“I’d handed over to Gerard Larrousse with a good lead, but after a lap and a half, he had a puncture, and the spectators refused to help him, so that was that. He couldn’t get the wheel nut undone. Hezemans and Vaccarella won for Alfa Romeo, and I still see Toine Hezemans quite regularly at the races.
“’72 was my last Targa Florio, my only one for Alfa Romeo. Chiti was convinced we could win (Ferrari only entered one car), and he claimed to have built a very special engine, just for me. It really was as good as the Ferrari, that one. But driving through Campofelice, a perfect day, no clouds, where on the first lap I had already built up a twenty second lead, suddenly there was water on my visor. That special engine had blown up. We would have beaten that sole Ferrari.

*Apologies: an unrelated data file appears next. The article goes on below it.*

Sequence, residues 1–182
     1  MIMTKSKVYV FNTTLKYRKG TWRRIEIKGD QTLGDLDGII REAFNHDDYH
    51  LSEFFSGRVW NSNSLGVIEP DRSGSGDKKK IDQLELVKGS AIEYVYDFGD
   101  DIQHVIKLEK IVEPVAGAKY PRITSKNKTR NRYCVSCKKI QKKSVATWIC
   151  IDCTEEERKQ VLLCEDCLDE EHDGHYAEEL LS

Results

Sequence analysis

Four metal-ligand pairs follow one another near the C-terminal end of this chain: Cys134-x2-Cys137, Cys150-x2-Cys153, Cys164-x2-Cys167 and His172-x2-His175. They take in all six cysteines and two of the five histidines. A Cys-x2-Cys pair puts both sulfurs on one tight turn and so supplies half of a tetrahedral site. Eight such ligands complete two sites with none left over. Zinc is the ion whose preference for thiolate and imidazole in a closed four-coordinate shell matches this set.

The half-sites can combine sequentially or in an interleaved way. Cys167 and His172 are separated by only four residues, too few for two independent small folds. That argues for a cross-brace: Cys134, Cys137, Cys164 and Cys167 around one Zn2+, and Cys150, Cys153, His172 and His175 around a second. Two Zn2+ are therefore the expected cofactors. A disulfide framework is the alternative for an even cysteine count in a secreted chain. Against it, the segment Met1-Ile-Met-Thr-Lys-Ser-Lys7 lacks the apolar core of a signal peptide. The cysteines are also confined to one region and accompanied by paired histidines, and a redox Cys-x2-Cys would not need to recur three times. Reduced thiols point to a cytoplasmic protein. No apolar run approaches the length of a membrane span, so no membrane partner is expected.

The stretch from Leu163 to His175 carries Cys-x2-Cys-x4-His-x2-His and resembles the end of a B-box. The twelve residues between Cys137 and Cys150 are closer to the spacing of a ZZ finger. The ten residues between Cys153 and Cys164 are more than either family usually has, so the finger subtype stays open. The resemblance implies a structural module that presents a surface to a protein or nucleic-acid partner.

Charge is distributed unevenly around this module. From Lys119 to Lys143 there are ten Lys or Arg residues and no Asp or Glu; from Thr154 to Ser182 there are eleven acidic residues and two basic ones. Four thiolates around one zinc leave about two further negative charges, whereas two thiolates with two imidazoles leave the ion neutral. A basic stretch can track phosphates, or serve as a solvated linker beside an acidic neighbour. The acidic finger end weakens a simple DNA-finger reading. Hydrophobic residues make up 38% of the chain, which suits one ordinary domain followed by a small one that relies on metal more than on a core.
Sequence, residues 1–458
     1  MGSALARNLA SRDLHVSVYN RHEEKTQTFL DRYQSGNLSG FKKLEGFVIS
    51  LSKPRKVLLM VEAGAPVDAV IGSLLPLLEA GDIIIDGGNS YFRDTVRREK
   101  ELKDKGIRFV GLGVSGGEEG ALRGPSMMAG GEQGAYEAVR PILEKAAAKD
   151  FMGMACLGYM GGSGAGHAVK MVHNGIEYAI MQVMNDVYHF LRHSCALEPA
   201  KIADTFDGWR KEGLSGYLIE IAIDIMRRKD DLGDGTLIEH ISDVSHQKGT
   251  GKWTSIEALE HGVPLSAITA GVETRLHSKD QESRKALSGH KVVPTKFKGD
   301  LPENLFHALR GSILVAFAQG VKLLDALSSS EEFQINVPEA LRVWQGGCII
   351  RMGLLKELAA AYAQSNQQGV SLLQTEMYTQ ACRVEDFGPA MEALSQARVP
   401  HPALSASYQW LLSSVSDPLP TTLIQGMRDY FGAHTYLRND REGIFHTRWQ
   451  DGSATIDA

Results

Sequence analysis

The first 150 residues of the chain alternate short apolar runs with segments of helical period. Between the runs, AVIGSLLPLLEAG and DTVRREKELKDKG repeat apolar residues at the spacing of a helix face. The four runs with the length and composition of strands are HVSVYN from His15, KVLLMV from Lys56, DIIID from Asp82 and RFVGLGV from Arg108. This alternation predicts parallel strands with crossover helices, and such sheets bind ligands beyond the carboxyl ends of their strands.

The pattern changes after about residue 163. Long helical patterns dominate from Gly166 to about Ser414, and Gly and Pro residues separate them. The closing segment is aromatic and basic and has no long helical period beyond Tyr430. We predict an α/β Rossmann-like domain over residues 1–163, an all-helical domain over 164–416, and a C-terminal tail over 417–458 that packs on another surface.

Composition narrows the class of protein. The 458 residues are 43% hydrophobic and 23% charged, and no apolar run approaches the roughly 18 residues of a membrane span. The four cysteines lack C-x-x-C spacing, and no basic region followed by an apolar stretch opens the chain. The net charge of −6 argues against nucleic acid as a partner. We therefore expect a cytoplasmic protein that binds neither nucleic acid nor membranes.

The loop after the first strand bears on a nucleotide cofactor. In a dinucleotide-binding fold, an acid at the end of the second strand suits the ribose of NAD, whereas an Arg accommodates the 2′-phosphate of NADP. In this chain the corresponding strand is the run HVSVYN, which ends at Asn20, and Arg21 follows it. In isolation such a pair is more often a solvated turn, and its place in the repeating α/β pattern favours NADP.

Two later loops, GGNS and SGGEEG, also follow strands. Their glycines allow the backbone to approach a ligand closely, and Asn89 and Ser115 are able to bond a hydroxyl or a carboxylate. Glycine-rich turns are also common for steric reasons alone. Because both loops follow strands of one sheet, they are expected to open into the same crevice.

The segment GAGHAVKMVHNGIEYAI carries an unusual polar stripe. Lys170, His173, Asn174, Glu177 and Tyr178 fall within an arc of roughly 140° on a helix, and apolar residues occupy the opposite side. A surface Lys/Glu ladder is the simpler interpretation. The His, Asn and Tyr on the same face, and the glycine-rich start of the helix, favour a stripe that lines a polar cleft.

“One of the oddest stories of my time in Sicily was hitting a truck one year while practising in my 911. It was only a slight glancing blow. The following year, I hit the same truck, on the same corner, driven by the first chap’s brother! It could only happen in Sicily!
All archive photos from the excellent www.vicelford.com
If you enjoyed this story please take a look at the Go Fund Me page established to help Vic with his current medical expenses